It is evident from this study that estimation of visual acuity, color vision, visual field, RNFL thickness, VER and contrast sensitivity at baseline and monthly follow-ups at least up to 6 months of therapy with ethambutol are essential to detect early ocular toxicity. Thereby permanent visual damage can be prevented in most of the cases on the immediate cessation of therapy with ethambutol particularly when the drug is taken for >2 months.

Financial support and sponsorship

Nil.

Conflicts of interest

There are no conflicts of interest.

 
  References Top

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2.
Chai SJ, Foroozan R. Decreased retinal nerve fibre layer thickness detected by optical coherence tomography in patients with ethambutol-induced optic neuropathy. Br J Ophthalmol 2007;91:895-7.  Back to cited text no. 2
    
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Kumar V, Abbas AK, Fausto N, Mitchel R. Robbins Basic Pathology. 18th ed. Philadelphia, PA : Saunders/Elsevier; 2007.  Back to cited text no. 3
    
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Kandel H, Adhikari P, Shrestha GS, Ruokonen EL, Shah DN. Visual function in patients on ethambutol therapy for tuberculosis. J Ocul Pharmacol Ther 2012;28:174-8.  Back to cited text no. 4
    
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Mahrukh AA, Bhat MA. Visual field changes in patient receiving antitubercular drug therapy at tertiary care hospital: An analytical observational study. Int J Contemp Med Res 2017;4:346-9.  Back to cited text no. 5
    
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Menon V, Jain D, Saxena R, Sood R. Prospective evaluation of visual function for early detection of ethambutol toxicity. Br J Ophthalmol 2009;93:1251-4.  Back to cited text no. 6
    
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Polak BC, Leys M, van Lith GH. Blue-yellow colour vision changes as early symptoms of ethambutol oculotoxicity. Ophthalmologica 1985;191:223-6.  Back to cited text no. 12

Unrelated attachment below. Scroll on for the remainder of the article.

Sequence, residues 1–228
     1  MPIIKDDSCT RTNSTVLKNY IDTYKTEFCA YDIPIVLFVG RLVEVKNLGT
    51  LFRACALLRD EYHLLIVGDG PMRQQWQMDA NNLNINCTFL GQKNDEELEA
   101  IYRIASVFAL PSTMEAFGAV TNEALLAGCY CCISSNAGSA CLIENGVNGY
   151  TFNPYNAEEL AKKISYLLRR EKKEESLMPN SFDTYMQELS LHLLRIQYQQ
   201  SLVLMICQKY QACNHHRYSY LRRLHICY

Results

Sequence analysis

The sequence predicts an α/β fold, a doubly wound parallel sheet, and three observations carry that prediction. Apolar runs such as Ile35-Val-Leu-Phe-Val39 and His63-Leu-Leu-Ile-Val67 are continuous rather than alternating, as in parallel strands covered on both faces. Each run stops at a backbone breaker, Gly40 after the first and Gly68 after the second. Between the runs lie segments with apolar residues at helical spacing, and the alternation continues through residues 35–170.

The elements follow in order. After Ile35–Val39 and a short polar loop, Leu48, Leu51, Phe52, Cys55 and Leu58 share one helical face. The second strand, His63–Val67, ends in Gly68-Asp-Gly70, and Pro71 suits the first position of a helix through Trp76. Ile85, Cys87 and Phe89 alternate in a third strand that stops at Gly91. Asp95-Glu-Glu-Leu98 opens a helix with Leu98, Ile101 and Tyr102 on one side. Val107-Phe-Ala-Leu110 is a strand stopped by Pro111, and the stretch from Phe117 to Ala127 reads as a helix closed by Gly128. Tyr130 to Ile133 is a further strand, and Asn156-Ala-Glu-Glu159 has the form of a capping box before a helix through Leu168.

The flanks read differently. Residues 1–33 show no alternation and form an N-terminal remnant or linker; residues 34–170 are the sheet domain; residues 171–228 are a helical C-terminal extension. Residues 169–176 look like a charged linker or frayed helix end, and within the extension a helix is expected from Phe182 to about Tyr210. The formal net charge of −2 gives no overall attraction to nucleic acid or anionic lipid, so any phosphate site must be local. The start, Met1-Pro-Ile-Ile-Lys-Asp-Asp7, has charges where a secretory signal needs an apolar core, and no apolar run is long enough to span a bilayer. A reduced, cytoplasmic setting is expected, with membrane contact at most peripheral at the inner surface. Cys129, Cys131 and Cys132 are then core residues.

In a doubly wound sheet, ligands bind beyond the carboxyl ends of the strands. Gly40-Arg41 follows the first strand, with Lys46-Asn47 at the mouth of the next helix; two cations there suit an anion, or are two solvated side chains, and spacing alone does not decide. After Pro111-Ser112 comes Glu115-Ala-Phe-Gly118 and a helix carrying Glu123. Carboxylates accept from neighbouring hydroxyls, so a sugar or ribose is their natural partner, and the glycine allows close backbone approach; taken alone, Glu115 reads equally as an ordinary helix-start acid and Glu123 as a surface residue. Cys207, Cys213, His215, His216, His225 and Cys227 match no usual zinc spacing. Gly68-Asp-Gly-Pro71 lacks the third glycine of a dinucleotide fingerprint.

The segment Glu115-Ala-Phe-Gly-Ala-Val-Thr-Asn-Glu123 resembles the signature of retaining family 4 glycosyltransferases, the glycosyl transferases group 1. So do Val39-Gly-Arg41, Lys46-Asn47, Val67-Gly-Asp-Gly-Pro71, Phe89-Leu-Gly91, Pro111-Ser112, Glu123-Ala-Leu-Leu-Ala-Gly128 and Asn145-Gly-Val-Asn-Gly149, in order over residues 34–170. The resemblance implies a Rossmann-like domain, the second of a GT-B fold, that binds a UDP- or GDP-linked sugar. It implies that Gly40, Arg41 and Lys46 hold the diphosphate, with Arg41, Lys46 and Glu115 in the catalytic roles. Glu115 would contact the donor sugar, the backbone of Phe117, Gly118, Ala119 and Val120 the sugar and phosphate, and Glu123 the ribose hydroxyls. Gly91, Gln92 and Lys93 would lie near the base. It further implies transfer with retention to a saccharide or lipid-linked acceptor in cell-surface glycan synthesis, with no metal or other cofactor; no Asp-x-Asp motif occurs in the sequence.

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Seth V, Khosla PK, Semwal OP, D'Monty V. Visual evoked responses in tuberculous children on ethambutol therapy. Indian Pediatr 1991;28:713-7.  Back to cited text no. 13
    
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Srivastava AK, Goel UC, Bajaj S, Singh KJ, Dwivedi NC, Tandon MP. Visual evoked responses in ethambutol induced optic neuritis. J Assoc Physicians India 1997;45:847-9.  Back to cited text no. 14
    
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Zoumalan CI, Agarwal M, Sadun AA. Optical coherence tomography can measure axonal loss in patients with ethambutol-induced optic neuropathy. Graefes Arch Clin Exp Ophthalmol 2005;243:410-6.  Back to cited text no. 16
    
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Heng JE, Vorwerk CK, Lessell E, Zurakowski D, Levin LA, Dreyer EB. Ethambutol is toxic to retinal ganglion cells via an excitotoxic pathway. Invest Ophthalmol Vis Sci 1999;40:190-6.  Back to cited text no. 17
    
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Yoon YH, Jung KH, Sadun AA, Shin HC, Koh JY. Ethambutol-induced vacuolar changes and neuronal loss in rat retinal cell culture: Mediation by endogenous zinc. Toxicol Appl Pharmacol 2000;162:107-14.  Back to cited text no. 18
    
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Hennekes R. Clinical ERG findings in ethambutol intoxication. Graefes Arch Clin Exp Ophthalmol 1982;218:319-21.  Back to cited text no. 19
    
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Kakisu Y, Adachi-Usami E, Mizota A. Pattern electroretinogram and visual evoked cortical potential in ethambutol optic neuropathy. Doc Ophthalmol 1987;67:327-34.  Back to cited text no. 20
    
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Kim KL, Park SP. Visual function test for early detection of ethambutol induced ocular toxicity at the subclinical level. Cutan Ocul Toxicol 2016;35:228-32.  Back to cited text no. 23
    
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Yang HK, Park MJ, Lee JH, Lee CT, Park JS, Hwang JM. Incidence of toxic optic neuropathy with lowdose ethambutol. Int J Tuberc Lung. Dis 2016;20:261-4.  Back to cited text no. 24
    
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Lee JY, Choi JH, Park KA, Oh SY. Ganglion cell layer and inner plexiform layer as predictors of vision recovery in ethambutol-induced optic neuropathy: A longitudinal OCT analysis. Invest Ophthalmol Vis Sci 2018;59:2104-9.  Back to cited text no. 25
    
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27.
Şahin A, Kürşat Cingü A, Kaya S, Türkcü G, Arı Ş, Evliyaoǧlu O, et al. The protective effects of caffeic acid phenethyl ester in isoniazid and ethambutol-induced ocular toxicity of rats. Cutan Ocul Toxicol 2013;32:228-33.  Back to cited text no. 27
    



 
 
    Tables

  [Table 1], [Table 2], [Table 3], [Table 4], [Table 5]